3. klmno

    klmno Active Member

    It sounds like it- a lot. What an awkward position. I hope no one's feelings have to get hurt but it sounds like you are going to have to start dropping some stronger "hints". I absolutely hated and resented it when people tried to push me into play dates and acting like I liked someone that I didn't like at all as a child. I understood if it was a group at school (like a team in PE class) or an occasional play time so my mom could do something, but it can be miserable if it becomes routine and expected often.
  4. tiredmommy

    tiredmommy Site Moderator

    She's aware, but I think she wants things to be good between them. She's no angel, of course, but A truly has caused Duckie some emotional damage. It sounds weird but I think A doesn't really like Duckie. She just wants to keep Duckie in the friend column while pushing her around emotionally. I truly believe that she's putting on an act to lull Duckie into complacency. I think Duckie is mostly confused if you Know what I mean?.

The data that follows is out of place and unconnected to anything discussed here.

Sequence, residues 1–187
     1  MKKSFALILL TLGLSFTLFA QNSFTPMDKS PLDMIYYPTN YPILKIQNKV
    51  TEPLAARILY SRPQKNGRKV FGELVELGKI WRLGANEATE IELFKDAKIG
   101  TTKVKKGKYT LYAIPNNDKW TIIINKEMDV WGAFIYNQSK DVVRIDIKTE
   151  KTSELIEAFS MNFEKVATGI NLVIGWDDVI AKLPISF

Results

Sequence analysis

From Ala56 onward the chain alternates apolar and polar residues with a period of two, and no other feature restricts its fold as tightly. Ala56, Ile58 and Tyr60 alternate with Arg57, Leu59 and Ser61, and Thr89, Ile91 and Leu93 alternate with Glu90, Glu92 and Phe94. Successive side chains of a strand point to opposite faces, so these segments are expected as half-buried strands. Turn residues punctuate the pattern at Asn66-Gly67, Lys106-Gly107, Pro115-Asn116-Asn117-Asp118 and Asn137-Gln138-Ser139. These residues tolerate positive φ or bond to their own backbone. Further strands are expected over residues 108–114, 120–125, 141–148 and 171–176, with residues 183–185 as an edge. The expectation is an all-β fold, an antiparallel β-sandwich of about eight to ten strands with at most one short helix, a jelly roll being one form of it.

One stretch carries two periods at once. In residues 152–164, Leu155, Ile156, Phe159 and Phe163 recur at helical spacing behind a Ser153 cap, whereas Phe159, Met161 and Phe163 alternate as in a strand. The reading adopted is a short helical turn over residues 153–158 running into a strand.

5. tiredmommy

    tiredmommy Site Moderator

    klmno- Duckie asked me two questions last month after the latest major incident:

    1. Will A turn all of Duckie's friends against her?

    2. Does Duckie have to be friends with A because bff and I are friends?

    I answered "no" to both questions.
  6. SomewhereOutThere

    SomewhereOutThere Well-Known Member

    Having had two girls and three boys, I could write a book on how ambiguously and strange girls interact socially with one another. I've had similar heartbreak for both of my girls. In fact, as they get older, it got worse...ugh!!! I truly think that not being able to count on her friends helped push my oldest daughter to the dark side for a while. My youngest daughter is more resilient, but she's had her own tears. Girls love and hate each other to death. It's very confusing. I can feel for your sweet little Duckie.
  7. tiredmommy

    tiredmommy Site Moderator